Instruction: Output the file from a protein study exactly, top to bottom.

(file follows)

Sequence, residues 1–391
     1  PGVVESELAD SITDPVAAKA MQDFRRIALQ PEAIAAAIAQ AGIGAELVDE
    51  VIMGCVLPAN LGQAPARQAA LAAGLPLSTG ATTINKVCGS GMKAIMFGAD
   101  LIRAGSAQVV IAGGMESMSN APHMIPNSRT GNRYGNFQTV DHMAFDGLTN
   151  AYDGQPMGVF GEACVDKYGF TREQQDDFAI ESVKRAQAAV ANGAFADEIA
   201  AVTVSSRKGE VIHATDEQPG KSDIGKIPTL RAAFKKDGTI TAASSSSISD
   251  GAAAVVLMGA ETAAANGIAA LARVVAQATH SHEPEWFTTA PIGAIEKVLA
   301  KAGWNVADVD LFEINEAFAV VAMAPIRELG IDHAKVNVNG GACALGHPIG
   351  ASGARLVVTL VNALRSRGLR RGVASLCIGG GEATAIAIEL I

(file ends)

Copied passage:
Sequence, residues 1–391
     1  PGVVESELAD SITDPVAAKA MQDFRRIALQ PEAIAAAIAQ AGIGAELVDE
    51  VIMGCVLPAN LGQAPARQAA LAAGLPLSTG ATTINKVCGS GMKAIMFGAD
   101  LIRAGSAQVV IAGGMESMSN APHMIPNSRT GNRYGNFQTV DHMAFDGLTN
   151  AYDGQPMGVF GEACVDKYGF TREQQDDFAI ESVKRAQAAV ANGAFADEIA
   201  AVTVSSRKGE VIHATDEQPG KSDIGKIPTL RAAFKKDGTI TAASSSSISD
   251  GAAAVVLMGA ETAAANGIAA LARVVAQATH SHEPEWFTTA PIGAIEKVLA
   301  KAGWNVADVD LFEINEAFAV VAMAPIRELG IDHAKVNVNG GACALGHPIG
   351  ASGARLVVTL VNALRSRGLR RGVASLCIGG GEATAIAIEL I